Australia will next face reigning champion Russia on Tuesday, while Italy plays France, with both ties on Qudos Bank Arena.

John Peers/Luke Saville
Photo Credit: Peter Staples/ATP Tour

Earlier, home favourite De Minaur lifted the roof off Ken Rosewall Arena Sunday when he kept alive Australia’s opening tie hopes against Italy at ATP Cup.

The 22-year-old earned his fifth Top 10 win of his career as he upset World No. 7 Berrettini 6-3, 7-6(4) in Group B.

“This court brings out the best in me,” an emotional De Minaur said. Reflecting on a tough 2021, he added, “It’s not about how many times you get knocked down. It’s about how many times you get knocked down and get back up.”

The 22-year-old demonstrated great agility and grit in his first match of the season and recovered from squandering a 5-3 lead in the second set to triumph after 86 minutes, levelling their ATP Head2Head series at 1-1.

“My whole career I have had a couple of setbacks but look, I am back,” De Minaur said. “I worked really hard to be here, I am in the best shape of my life and I am ready to have a big year.”

De Minaur was impressive on return throughout, stepping inside the baseline to make good contact from Berrettini’s delivery as he dictated points with his powerful forehand.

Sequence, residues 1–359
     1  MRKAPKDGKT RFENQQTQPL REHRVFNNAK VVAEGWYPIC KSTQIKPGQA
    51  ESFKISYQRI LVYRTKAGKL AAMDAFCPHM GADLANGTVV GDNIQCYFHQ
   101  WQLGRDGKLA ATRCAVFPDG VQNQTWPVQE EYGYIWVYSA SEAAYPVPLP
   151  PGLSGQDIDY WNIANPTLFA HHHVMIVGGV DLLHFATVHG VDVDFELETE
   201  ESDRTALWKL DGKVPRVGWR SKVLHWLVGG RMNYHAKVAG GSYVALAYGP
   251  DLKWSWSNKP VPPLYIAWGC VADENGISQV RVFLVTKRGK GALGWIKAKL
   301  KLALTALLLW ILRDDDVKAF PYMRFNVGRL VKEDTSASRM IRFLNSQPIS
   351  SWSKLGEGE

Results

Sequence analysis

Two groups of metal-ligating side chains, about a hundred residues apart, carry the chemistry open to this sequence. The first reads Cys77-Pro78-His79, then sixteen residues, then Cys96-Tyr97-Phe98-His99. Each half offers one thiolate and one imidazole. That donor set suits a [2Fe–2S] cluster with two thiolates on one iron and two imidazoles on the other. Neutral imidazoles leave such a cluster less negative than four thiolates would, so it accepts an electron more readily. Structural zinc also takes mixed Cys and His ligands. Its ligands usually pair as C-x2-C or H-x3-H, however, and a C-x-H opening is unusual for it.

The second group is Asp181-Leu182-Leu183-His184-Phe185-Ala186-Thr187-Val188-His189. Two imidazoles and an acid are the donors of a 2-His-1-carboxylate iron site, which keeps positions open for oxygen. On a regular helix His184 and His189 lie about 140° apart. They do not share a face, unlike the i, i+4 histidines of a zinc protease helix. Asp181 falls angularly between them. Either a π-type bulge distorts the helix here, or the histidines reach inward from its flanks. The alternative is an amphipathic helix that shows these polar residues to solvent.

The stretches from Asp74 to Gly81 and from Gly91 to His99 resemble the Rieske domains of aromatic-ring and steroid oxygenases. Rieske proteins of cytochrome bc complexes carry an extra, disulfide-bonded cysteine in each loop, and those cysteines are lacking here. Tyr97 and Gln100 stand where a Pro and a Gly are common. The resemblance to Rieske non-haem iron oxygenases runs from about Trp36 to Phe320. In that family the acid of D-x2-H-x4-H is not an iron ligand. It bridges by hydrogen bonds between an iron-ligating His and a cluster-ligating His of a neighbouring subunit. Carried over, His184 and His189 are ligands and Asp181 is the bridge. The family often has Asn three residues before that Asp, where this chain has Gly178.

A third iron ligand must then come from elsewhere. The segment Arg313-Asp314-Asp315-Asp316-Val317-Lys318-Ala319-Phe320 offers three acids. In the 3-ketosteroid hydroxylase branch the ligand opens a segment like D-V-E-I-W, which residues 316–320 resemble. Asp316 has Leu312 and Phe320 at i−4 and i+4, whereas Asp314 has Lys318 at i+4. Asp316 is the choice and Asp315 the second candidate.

The World No. 34, who won two tour-level titles in 2021, is making his third ATP Cup appearance, earning victories against Alexander Zverev and Denis Shapovalov in 2020.

Earlier, Jannik Sinner had produced a comprehensive performance on his ATP Cup debut to give Italy a 1-0 lead against home nation Australia.

The 20-year-old struck his groundstrokes powerfully and dominated the longer rallies to defeat Max Purcell 6-1, 6-3 in 64 minutes on Ken Rosewall Arena to earn his first victory of the year.

“It was a great match from my side,” Sinner said in his on-court interview. “I am very happy to have the first point for Team Italy and hopefully Matteo can finish it today. I felt very, very solid. I knew I had to play solid from the baseline because when he comes to the net it is very, very tough to pass him, so I tried to play deep. For the first match of the year, it could not have gone any better.”

Sinner enjoyed an impressive 2021 season, earning four tour-level titles and cracking the Top 10 in the ATP Rankings. The 2019 Intesa Sanpaolo Next Gen ATP Finals champion, who struck 13 winners and committed just three unforced errors against Purcell, is Italy’s No. 2 singles player at the 16-team event and will next play Frenchman Arthur Rinderknech on Tuesday.